The NVL() function is available in Oracle, and not in MySQL or SQL Server. This function is used to replace NULL value with another value. It is similar to the IFNULL Function in MySQL and the ISNULL Function in SQL Server.
The syntax for the NVL function is:
    NVL( string1, replace_with ) string1 is the string to test for a null value.
                                           replace_with is the value returned if string1 is null.

    NVL( column1, replace_with )
Example #1:
    select NVL(supplier_city, ‘n/a’)
    from suppliers;
The SQL statement above would return ‘n/a’ if the supplier_city field contained a null value. Otherwise, it would return the supplier_city value.
Example #2:
    select supplier_id,
    NVL(supplier_desc, supplier_name)
    from suppliers;
This SQL statement would return the supplier_name field if the supplier_desc contained a null value. Otherwise, it would return the supplier_desc.

The decode() Function

The decode() function works on the same principle as the if-then-else statement does in many common programming languages, including PL/SQL. You can pass a variable number of values into the call to the decode() function, which will appear in the column clause of your select statement. Your first item will always be the name of the column you want to decode. Next, you identify the first specific value Oracle should look for in that column. After that, you pass in the substitute you want Oracle to return if the first specific value is encountered. From there, you can then define as many specific value-substitute pairs as you would like. Once all value-substitute pairs have been defined, you can optionally specify a default value that Oracle will return if the column value doesn’t match a specified value. Take a look at the following code block to get a better idea of how this works:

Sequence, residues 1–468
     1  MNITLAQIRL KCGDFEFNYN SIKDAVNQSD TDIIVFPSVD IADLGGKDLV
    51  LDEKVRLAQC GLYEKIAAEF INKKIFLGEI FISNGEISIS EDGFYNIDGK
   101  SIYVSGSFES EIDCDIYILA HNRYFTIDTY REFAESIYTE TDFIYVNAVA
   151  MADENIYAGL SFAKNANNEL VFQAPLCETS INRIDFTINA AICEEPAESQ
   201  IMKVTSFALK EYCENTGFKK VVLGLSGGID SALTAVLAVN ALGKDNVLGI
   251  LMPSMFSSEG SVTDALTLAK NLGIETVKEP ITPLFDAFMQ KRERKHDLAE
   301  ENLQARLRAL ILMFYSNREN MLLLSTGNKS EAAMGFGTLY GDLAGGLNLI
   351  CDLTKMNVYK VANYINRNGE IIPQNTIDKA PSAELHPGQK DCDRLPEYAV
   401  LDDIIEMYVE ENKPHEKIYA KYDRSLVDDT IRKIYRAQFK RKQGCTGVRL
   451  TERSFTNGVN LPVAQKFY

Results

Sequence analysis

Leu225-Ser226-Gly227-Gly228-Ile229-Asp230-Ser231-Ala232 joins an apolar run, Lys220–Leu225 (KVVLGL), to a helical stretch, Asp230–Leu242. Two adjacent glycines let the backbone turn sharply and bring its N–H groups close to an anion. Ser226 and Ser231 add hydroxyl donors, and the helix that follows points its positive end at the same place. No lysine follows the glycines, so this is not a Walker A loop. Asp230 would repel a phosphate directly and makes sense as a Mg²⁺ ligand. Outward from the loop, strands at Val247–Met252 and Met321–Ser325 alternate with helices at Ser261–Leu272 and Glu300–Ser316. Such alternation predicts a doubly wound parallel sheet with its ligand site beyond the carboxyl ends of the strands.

SELECT decode(column_name,
              value1, substitute1,
              value2, substitute2,
              … ,
FROM … ;

       ‘APPROVED’, ‘APPRED’,
In Oracle/PLSQL, the sysdate function returns the current system date and time on your local database.
The syntax for the sysdate function is:    sysdate
Example #1:
OUTPUT: 3/3/2009 2:22:27 AM

Example #2:
OUTPUT: 3/3/2009

Example #3:

OUTPUT: 03-03-2009
Example #4:
select sysdate into v_date from dual;
OUTPUT: The variable called v_date will now contain the current date and time value.

Example #5:

You could also use the sysdate function in any SQL statement. For example:
    select supplier_id, sysdate
    from suppliers
    where supplier_id > 5000;
Arithmetic Functions